Livewell Southwest is celebrating Allied Health Professions (AHPs) Day today, (Wednesday, 14 October) by thanking all of our AHPs for their dedication to delivering outstanding health and social care.
AHPs Day enables the 14 allied health professions to come together and recognise the contribution of AHPs, and a chance to get to know more about the role that these valued professionals play.
AHPs are now the second-largest healthcare workforce with significant opportunities to support delivery of the NHS long term plan and play a vital role in caring for the people we support to live healthy, independent lives at Livewell Southwest.
Helen Newman-Allen, AHP Lead at Livewell, said: “I want to thank all my colleagues for their tireless work and dedication during a challenging year, from our 12 unique professions that make up our AHP family here at Livewell: art therapists, drama therapists, music therapists, chiropodists / podiatrists, dietitians, occupational therapists, operating department practitioners, prosthetists and orthotists, paramedics, physiotherapists, and speech and language therapists.
“It’s a huge privilege to work with you all and I look forward to another year of phenomenal work in 2021.”
COVID-19 has changed the way many AHPs work, but it hasn’t stopped the Specialist Speech and Language Therapists in our Community Learning Disabilities Team from supporting the people they care for. They’ve been busy creating lots of accessible and easy read advice so they can continue to help people with things they find difficult, such as healthy eating, personal care and how to manage daily challenges.
The team created a Stay Well at Home pack, including resources to help the people they care for stay safe and make the most of time at home. The pack included things such as easy read story books, which included individual daily plans and activities chosen by the person receiving care.
Andrew is a service user, and said: “It was good. The story makes me feel happy. The book helped me understand coronavirus. The symbols were good. I had lots of activities to choose from. I liked picking them myself and putting them on my timetable.”
The team also created calm boxes with their service users. The calm box contained items that made them feel happy and things that help relaxation.
Lauren, a Personal Assistant, said: “The calm box was a great project for Andrew, from making it to getting a better understanding of what helps him relax and remain calm. It gave him a good sense of control too. We haven’t had to use the box yet, but it’s nice to have that resource if Andrew got upset or anxious.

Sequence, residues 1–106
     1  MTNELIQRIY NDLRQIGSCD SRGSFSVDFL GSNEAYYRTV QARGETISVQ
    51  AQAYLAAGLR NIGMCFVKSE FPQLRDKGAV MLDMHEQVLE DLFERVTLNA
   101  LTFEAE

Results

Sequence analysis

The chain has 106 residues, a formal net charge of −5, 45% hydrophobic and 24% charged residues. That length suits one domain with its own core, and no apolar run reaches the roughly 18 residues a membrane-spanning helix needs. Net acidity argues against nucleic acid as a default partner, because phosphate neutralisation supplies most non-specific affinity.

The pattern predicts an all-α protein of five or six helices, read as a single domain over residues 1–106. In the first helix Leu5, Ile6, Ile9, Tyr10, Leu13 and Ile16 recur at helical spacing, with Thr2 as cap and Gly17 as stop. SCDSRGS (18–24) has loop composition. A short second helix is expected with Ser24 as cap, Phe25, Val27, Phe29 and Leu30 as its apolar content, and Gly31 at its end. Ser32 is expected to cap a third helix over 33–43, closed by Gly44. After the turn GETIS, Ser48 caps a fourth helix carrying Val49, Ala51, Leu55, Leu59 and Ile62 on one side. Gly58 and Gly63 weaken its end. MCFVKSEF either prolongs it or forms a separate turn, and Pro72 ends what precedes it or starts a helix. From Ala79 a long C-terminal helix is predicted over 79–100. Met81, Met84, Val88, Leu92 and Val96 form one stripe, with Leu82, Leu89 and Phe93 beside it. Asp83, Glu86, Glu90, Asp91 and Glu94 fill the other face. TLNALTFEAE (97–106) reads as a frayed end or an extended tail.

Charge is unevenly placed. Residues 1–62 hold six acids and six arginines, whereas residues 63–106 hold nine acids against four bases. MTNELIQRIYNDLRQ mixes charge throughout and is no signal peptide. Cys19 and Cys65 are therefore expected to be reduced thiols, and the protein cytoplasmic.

“The creating process was a great learning experience for me, to better understand Andrew’s likes and dislikes, and also provided the time to talk about his past and growth.”
Speech and Language Therapists are also a part of our Allied Health Professions family here at Livewell, and support adults with speech, language, communication, eating, drinking and swallowing difficulties.
The team support people who have suffered a stroke, traumatic brain injury, have dementia, a diagnosis of cancer in the brain, and those with a diagnosis of neurological conditions such as Motor neurone disease, Multiple Sclerosis and Parkinson’s disease.
Speech and Language Therapists work with the person to identify their speech or swallowing difficulty, and how they can work together to get the best outcomes and improve quality of life.
During COVID, the Speech and Language team have helped the people staying with them to keep in contact with their loved ones using video calls and digital options.
Service users have also been supported to access assessment and therapy via video calls using the Livewell Connect app, which has been really successful.
Upcoming plans include the development of a virtual Parkinson’s therapy group.
Jonathan Gilby is a Physiotherapist at Livewell, and enjoys the opportunity to take on research projects as part of his role. He values the information research provides to find improvements in practice.
Jonathan said: “I helped out with the ‘Trial of Wii in Stroke’ (TWIST) project in 2013, and that really got me interested in research.
“Working as a research therapist on this study was a great way of gaining understanding of how a research project is delivered.
“A few more Livewell projects down the line and I was successful in applying for Health Education England funding of a Masters in Clinical Research from the University of Plymouth.
“I’ve done this part-time and, as I come to the end of my dissertation project, it’s opened up another door to a National Institute of Health Research (NIHR) Pre-doctoral Clinical Academic Fellowship.
“I’m now working closely with the Parkinson’s Service at University Hospitals Plymouth NHS Trust; exploring service delivery models to help people with Parkinson’s manage their condition.
“It’s been a challenging but rewarding journey so far. Juggling academic life and busy clinical practice can be difficult. Keeping in touch with how research is done and the implications of research for practice is going to become even more important as we try to find more effective and efficient ways of working.”
There’ll be lots of activity throughout the day on our social media channels, so do follow #AHPsDay for more insights.